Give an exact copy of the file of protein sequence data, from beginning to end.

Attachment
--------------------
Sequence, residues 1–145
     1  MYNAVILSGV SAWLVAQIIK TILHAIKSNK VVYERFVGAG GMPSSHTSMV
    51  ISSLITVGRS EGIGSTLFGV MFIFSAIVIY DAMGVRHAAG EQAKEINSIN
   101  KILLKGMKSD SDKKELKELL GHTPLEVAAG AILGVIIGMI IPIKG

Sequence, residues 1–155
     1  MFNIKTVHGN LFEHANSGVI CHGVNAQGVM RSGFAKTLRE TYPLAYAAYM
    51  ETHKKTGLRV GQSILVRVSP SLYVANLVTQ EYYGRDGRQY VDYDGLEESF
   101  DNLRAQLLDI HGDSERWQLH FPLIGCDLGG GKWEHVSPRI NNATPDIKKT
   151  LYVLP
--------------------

Sequence, residues 1–145
     1  MYNAVILSGV SAWLVAQIIK TILHAIKSNK VVYERFVGAG GMPSSHTSMV
    51  ISSLITVGRS EGIGSTLFGV MFIFSAIVIY DAMGVRHAAG EQAKEINSIN
   101  KILLKGMKSD SDKKELKELL GHTPLEVAAG AILGVIIGMI IPIKG

Sequence, residues 1–155
     1  MFNIKTVHGN LFEHANSGVI CHGVNAQGVM RSGFAKTLRE TYPLAYAAYM
    51  ETHKKTGLRV GQSILVRVSP SLYVANLVTQ EYYGRDGRQY VDYDGLEESF
   101  DNLRAQLLDI HGDSERWQLH FPLIGCDLGG GKWEHVSPRI NNATPDIKKT
   151  LYVLP